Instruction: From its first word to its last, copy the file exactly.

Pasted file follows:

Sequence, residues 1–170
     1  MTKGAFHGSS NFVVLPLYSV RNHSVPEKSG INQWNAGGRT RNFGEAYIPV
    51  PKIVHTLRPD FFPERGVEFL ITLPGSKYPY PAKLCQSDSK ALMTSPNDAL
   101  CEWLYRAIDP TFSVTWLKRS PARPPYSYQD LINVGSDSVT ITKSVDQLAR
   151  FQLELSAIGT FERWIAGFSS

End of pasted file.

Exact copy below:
Sequence, residues 1–170
     1  MTKGAFHGSS NFVVLPLYSV RNHSVPEKSG INQWNAGGRT RNFGEAYIPV
    51  PKIVHTLRPD FFPERGVEFL ITLPGSKYPY PAKLCQSDSK ALMTSPNDAL
   101  CEWLYRAIDP TFSVTWLKRS PARPPYSYQD LINVGSDSVT ITKSVDQLAR
   151  FQLELSAIGT FERWIAGFSS